The construction techniques used for both lined and un-lined garments is about the same. When the garment or piece is lined, the liner should be exactly the same size as the outer fabric. If the garment is not to be lined a false liner will be required to stitch in the dagging. This false liner should be the same shape and width as the hemline of the garment, and should be at least 3" longer than the length of the dag plus any seam allowance. After all garment panels have been cut, stitch the liner pieces and outer pieces as for a normal lined garment. If the piece is not lined, assemble the false liners. Now slide the liner or false liner over the outer with the good sides of the fabric facing. Adjust the liner and outer so that the seams match, and the hemlines meet. Securely pin the liner to the outer along the hemline and just above the top of the dags (where you adjusted the pattern). Lay the piece as flat as possible, and lightly draw the outline of your dag on the hem of the liner. The dags should be arranged so that seams of the piece meet the hem at the top of the dagging. This will alert you to errors up to this point. If the seams do not match or you fall short you will have to adjust your dag pattern. If everything has been measured and stitched properly, this will not be the case. When the dagging is drawn onto the liner piece you are ready to stitch the liner to the outer. Before stitching you may want to pin the fabric to the liner along the proposed stitch lines to prevent the fabric from shifting. Stitch the liner to the fabric along the lines drawn using a single straight stitch. If you must double stitch for strength try to stitch on the same lines. Do not serge this seam or otherwise finish the seam in such a manner as to inhibit the expansion and contraction of the fabric along the unfinished seam. This will cause the edge of the dag to pucker when the liner is turned to the inside.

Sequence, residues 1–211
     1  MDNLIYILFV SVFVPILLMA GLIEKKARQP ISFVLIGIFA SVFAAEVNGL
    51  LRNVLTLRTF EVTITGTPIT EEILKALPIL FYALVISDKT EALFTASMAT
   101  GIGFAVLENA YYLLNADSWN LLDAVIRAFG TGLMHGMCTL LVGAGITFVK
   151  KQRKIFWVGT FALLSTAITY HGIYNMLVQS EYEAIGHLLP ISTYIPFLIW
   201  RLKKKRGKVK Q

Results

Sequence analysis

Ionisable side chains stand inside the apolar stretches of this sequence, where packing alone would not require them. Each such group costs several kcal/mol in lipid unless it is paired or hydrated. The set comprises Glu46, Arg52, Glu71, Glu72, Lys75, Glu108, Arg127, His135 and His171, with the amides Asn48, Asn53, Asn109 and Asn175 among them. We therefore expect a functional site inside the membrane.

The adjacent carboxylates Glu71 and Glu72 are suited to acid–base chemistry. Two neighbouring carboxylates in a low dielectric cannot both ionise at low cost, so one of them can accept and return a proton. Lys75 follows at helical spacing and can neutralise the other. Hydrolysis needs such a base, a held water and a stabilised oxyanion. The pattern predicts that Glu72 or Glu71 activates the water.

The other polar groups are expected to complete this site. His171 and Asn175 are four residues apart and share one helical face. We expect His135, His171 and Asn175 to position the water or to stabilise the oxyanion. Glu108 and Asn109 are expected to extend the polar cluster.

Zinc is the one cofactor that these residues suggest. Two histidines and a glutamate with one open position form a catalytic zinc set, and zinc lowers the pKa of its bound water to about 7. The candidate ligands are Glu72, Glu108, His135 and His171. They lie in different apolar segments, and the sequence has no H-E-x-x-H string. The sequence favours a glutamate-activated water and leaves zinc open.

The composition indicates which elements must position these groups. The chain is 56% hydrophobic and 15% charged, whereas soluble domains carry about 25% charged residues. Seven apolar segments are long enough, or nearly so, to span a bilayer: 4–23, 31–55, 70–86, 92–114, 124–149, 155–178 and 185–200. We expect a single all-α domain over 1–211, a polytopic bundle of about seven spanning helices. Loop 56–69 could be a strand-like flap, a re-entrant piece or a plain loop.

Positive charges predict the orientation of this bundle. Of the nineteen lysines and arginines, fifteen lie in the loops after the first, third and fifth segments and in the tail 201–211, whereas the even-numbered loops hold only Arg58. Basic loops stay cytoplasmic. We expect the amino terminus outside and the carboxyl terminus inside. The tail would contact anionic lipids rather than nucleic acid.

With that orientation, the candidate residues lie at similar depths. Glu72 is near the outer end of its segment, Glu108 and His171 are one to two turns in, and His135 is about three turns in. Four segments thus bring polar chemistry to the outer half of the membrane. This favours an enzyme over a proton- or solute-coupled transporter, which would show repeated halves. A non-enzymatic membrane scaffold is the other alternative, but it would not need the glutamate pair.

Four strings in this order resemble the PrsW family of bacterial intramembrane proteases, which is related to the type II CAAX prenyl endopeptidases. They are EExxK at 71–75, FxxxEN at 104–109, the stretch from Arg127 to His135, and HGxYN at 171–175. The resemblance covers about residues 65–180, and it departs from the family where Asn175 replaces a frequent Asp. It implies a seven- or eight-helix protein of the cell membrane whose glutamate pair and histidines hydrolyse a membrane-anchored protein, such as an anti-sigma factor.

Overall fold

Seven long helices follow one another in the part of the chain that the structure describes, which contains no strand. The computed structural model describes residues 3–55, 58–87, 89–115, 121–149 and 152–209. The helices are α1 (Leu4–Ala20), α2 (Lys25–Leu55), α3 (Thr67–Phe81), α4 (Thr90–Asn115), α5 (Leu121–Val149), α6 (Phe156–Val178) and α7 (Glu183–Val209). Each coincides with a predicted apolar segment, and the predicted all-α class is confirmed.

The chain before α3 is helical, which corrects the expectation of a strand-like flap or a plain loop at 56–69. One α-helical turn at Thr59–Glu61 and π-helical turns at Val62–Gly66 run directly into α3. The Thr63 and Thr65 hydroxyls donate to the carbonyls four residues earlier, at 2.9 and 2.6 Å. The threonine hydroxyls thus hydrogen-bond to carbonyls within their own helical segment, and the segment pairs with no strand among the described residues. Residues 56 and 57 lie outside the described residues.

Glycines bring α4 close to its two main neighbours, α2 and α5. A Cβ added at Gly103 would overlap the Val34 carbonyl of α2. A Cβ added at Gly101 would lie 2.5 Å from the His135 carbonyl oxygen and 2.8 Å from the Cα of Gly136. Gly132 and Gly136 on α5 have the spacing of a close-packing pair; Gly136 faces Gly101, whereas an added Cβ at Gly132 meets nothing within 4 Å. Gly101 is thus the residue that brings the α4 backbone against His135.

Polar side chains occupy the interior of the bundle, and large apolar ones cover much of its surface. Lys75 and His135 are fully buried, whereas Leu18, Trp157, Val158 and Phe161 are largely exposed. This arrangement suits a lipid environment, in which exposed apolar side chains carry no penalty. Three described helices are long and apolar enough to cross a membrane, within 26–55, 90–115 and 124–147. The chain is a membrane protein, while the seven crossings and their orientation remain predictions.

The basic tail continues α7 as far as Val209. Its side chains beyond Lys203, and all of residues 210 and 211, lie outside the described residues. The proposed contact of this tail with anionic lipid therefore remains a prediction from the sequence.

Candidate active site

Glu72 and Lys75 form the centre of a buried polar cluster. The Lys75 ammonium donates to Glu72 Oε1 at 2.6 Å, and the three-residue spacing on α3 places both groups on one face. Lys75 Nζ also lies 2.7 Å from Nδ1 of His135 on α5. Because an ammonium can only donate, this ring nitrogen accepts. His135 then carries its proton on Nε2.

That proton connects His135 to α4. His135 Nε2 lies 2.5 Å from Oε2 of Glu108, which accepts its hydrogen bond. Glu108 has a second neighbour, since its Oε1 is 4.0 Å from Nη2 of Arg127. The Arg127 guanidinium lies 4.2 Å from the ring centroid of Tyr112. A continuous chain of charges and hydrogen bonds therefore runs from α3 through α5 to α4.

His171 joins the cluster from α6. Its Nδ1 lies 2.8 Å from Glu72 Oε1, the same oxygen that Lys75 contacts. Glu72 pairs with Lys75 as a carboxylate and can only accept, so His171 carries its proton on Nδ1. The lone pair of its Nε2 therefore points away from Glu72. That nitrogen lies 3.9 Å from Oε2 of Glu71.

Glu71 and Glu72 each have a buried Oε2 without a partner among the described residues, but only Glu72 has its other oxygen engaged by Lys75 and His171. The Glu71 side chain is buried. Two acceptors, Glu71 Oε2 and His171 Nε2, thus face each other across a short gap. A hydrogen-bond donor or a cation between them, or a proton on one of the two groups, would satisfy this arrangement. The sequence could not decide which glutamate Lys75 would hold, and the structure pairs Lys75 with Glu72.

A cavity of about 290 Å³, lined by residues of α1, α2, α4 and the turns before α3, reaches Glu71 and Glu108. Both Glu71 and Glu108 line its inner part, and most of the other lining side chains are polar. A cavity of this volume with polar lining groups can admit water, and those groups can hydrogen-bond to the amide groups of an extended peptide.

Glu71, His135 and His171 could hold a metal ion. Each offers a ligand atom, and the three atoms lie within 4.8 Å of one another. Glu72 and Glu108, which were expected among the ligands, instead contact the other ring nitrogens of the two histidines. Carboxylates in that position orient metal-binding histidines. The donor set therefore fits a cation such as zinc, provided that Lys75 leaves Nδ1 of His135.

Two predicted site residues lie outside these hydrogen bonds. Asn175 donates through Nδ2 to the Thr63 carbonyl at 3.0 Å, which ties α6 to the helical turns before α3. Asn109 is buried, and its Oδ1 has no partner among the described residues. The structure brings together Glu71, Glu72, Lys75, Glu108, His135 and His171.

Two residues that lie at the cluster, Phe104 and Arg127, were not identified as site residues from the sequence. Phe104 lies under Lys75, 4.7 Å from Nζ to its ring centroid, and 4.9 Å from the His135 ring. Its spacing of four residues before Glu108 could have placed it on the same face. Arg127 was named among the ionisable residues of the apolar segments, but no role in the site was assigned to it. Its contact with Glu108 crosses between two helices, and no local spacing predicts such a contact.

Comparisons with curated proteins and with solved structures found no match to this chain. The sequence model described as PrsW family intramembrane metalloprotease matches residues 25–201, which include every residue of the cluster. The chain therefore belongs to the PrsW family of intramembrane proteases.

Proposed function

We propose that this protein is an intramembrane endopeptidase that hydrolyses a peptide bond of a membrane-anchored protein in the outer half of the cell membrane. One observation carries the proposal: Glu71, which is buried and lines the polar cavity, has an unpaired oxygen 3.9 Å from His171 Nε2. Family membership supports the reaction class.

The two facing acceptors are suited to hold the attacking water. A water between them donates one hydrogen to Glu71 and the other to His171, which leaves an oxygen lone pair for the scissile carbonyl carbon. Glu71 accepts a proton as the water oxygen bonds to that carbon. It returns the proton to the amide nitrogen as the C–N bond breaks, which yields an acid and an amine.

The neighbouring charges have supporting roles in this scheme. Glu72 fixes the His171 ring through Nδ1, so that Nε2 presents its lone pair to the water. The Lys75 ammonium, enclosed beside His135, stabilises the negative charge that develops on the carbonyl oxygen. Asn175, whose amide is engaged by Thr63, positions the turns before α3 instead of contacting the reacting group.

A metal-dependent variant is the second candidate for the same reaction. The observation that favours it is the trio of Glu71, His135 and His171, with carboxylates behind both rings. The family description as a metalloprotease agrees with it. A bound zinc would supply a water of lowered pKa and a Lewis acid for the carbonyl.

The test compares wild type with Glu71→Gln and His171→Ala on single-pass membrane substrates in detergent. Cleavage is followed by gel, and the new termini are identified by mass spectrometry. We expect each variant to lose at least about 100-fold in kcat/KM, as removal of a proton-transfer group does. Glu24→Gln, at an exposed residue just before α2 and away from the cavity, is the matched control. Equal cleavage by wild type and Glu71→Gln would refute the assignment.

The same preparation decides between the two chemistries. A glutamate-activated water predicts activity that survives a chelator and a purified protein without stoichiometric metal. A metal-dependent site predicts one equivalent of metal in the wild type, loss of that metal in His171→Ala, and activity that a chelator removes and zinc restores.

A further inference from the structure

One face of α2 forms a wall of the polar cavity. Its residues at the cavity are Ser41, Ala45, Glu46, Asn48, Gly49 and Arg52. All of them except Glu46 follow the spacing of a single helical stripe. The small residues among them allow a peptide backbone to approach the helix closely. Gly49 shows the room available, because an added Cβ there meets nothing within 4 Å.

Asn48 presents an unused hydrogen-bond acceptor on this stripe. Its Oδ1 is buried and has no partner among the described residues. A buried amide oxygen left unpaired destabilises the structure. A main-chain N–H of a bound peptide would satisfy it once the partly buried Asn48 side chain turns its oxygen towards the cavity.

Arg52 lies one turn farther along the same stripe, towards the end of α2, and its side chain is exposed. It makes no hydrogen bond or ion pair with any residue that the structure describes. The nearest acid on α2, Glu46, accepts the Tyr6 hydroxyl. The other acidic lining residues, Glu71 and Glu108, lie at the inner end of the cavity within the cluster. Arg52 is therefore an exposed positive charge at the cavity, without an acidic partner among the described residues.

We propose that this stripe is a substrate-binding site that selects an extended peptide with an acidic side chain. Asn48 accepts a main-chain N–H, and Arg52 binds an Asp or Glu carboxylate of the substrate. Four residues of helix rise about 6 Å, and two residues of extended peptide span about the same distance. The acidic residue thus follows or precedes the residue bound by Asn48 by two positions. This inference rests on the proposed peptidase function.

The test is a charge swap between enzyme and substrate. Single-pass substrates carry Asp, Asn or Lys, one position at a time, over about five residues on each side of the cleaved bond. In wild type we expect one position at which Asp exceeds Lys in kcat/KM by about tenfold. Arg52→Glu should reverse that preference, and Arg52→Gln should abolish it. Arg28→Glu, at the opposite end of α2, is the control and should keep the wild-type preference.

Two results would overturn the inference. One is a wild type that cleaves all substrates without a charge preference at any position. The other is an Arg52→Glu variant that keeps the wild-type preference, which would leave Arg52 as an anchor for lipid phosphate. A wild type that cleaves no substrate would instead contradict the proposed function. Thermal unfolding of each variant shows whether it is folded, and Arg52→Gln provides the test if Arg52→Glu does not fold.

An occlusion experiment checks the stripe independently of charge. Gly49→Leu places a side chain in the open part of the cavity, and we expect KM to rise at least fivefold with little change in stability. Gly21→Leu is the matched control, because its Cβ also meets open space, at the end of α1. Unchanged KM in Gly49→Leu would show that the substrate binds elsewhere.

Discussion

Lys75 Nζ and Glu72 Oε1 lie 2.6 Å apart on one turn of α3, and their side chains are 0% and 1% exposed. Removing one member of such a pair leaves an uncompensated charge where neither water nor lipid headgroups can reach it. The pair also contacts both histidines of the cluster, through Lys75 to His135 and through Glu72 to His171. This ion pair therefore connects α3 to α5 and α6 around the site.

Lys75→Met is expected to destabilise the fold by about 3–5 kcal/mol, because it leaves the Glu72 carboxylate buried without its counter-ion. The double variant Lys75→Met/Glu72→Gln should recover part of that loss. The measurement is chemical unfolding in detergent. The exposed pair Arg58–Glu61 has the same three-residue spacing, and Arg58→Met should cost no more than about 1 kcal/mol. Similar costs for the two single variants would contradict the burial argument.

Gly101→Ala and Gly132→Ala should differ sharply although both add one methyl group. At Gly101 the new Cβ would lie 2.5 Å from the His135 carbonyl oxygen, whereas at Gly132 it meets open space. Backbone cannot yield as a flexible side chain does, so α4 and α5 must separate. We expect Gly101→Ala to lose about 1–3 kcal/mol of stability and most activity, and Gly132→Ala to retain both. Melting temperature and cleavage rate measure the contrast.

Trim along the stitching to leave about 1/4" to 3/8" seam allowance. Pinking will inhibit fraying along this seam. Next you will trim fabric from the seam allowance to prevent bunching when the liner of the piece is turned to the inside. To do this cut notches along the edges of outside curves, and cut slashes along the edges of inside curves. Trim flat or a wide 'v' at points on spear, square, and diamonds. A fray inhibitor can be used to stop fraying at the cuts is desired.
Turn the liner or false liner to the inside and push out each of the dags. This may require a tool of some kind to poke the dag through, especially in the case of diamond or spoon dags, which narrow at certain points. Make sure that the narrowest point in fancy dags is large enough to pass the required cloth through. Press the dags. If the piece is not lined, turn under the edge of the false liner and stitch it to the fabric.
If topstitching it desired always stitch in the same direction. In other words, do not stitch down one side of a dag, and then up the other. This will cause an interesting wave effect on the dags because the fabric will slip in opposite directions. If you need to topstitch your dags you should start at the top of each side of the dag and stitch to the bottom center, or start at the bottom center and stitch to the top on each side. This might cause the dags to curl slightly but it will help avoid puckering and waves.
Copyright 2008 by Curtis E. Conrad, 428 Scott St., Crestline, OH 44827. <gilesfitzalan at columbus.rr.com>. Permission is granted for republication in SCA-related publications, provided the author is credited. Addresses change, but a reasonable attempt should be made to ensure that the author is notified of the publication and if possible receives a copy.
If this article is reprinted in a publication, I would appreciate a notice in the publication that you found this article in the Florilegium. I would also appreciate an email to myself, so that I can track which articles are being reprinted. Thanks. -Stefan.